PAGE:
Thomas Inge, RIP

By | Tuesday, May 18, 2021 Leave a Comment
You may have caught yesterday news about the death of M. Thomas Inge. I won't recap his basic backstory; you can read that elsewhere.

I didn't really know Tom personally. I met him a couple times but only really talked with him briefly once. But, as I am sure you can hear from any number of comics scholars, he served as a shining light forward. My earliest influences when it comes to comics research were Peter Sanderson, Will Murray, and Greg Theakston. They wrote pieces that took comics and their stories seriously, and applied thoughtful consideration to them in a way the most of the fan press simply wasn't doing. When I started my Fantastic Four fan site back way back in 1996, the writing I did for that was inspired by them.

I wouldn't discover Thomas Inge's work for about another decade. He took his work just as seriously as the others, but he didn't limit himself to superheroes. He was interested in comics as a medium, writ large. He looked at not only a broader array of material -- different venues, different genres, etc. -- but also put it in the perspective of their times and broader culture. He wouldn't write just about the illustrative style of Winsor McCay or the surreal landscapes of George Herriman or the storytelling ability of Lou Fine, but he put that in the context of everything that was going on around them. The first extended work of his I read was Comics as Culture that quickly became a seminal piece of writing in terms of how it got me to think about comics.

Shortly after I discovered him back in 2007, I wrote...
From the little I've read of his work thus far -- I have a few scattered essays on top of the book I cited earlier -- he not only treats comics with an inordinate amount of respect, but he understands them in a way few people seem to. He's able to keep things in a historical context, and show their social relevance at the time. I can't think of anyone offhand who really has this sort of perspective across the entire medium and speak to it in a freshingly simple, yet intelligent manner.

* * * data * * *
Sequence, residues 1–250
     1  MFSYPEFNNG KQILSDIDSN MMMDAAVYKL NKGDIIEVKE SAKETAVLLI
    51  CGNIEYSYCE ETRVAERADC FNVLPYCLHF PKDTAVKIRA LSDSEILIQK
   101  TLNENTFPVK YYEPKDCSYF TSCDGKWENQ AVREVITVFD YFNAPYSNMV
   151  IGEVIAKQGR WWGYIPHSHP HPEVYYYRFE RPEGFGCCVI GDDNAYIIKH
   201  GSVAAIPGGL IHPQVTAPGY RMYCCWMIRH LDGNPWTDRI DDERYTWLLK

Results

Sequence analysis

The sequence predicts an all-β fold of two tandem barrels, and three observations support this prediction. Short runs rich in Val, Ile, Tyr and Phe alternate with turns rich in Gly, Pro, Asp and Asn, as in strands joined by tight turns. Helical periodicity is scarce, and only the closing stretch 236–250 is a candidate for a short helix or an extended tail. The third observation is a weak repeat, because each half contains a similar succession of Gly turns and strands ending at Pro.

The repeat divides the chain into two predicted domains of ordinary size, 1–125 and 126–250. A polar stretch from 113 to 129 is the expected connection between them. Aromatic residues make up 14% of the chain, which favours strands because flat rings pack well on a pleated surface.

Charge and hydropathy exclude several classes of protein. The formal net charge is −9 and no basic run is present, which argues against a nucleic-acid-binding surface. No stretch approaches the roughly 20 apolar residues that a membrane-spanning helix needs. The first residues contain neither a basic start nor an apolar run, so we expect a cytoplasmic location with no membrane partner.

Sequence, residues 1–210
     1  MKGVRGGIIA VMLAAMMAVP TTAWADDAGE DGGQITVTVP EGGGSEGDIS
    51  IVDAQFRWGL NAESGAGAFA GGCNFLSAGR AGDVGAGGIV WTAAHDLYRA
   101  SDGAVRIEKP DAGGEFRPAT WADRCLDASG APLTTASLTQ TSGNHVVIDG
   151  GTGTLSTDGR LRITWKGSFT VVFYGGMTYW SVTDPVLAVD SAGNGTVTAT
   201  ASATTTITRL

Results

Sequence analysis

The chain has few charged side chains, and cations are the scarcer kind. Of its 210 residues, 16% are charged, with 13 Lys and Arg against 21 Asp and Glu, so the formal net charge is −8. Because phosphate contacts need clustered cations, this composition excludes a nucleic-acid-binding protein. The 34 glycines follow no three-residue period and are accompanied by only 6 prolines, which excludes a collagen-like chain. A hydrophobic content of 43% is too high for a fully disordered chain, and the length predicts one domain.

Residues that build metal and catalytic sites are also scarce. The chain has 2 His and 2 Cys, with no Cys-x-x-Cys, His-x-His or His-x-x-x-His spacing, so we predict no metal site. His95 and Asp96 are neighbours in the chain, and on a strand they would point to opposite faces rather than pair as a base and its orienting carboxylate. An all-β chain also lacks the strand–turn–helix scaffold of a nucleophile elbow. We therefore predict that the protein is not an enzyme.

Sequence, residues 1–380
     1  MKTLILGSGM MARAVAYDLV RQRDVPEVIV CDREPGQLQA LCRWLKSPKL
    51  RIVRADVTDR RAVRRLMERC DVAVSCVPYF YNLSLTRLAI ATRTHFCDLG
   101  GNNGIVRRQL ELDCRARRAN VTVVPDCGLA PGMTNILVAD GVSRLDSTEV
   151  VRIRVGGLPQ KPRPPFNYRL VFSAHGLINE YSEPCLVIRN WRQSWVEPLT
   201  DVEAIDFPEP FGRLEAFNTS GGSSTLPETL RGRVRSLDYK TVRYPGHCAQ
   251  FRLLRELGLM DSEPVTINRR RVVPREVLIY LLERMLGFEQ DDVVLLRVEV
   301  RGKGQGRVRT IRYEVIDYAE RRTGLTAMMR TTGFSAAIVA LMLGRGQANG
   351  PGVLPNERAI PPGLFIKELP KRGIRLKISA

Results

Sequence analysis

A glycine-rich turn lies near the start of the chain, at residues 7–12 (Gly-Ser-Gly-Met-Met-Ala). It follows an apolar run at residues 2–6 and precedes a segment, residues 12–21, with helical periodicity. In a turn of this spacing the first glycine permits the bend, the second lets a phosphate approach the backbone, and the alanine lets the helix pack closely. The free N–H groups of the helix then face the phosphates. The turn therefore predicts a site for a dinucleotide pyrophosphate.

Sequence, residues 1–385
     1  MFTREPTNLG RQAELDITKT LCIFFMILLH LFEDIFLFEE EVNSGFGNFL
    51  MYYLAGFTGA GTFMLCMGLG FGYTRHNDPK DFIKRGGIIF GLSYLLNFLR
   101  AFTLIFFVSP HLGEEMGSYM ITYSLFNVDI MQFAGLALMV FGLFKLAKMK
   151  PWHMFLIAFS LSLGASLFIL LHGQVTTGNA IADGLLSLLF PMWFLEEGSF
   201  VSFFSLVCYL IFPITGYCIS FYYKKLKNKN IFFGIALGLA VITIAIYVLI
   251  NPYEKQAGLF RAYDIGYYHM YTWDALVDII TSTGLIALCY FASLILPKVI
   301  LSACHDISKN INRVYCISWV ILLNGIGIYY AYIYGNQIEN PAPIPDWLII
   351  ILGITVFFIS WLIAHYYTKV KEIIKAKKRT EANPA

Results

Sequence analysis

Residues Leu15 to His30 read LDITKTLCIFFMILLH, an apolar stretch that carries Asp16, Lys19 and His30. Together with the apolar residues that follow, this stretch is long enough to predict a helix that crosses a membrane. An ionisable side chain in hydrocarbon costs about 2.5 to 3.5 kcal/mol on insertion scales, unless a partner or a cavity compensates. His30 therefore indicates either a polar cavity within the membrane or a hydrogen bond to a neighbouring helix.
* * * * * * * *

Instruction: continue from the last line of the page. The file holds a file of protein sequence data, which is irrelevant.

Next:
More importantly, though, he actively encouraged and even assisted getting new comics scholars up through the ranks to get even more scholarship about our favorite medium out there. He not only paved the way for them, pushing through many books and papers to get published that, before him, there was simply not an audience for -- or at least, not an audience recognized by publishers -- but he also reached back behind him to help pull others along with him. Most of the comic scholars I know owe much of their career very directly to Tom, who personally encouraged them onward.

When I last heard Tom speak in 2018, he expressed a great deal of satisfaction with the state of comics scholarship compared to when he started. He was humble enough to see it as the work of everyone currently involved, and took little credit for spearheading pretty much all of it. I'm glad, though, he was able to see how far things had come since his earliest efforts and the truly impressive collective body of work people have put forward. Whether Tom had ever read -- of, for that matter, even seen -- any of my work, I don't know, but I've always been thrilled to add whatever minor contributions I can and Tom was a big part of getting me started on that.

My consolences to his family, friends, and colleagues who have lost a towering figure of comics scholarship.
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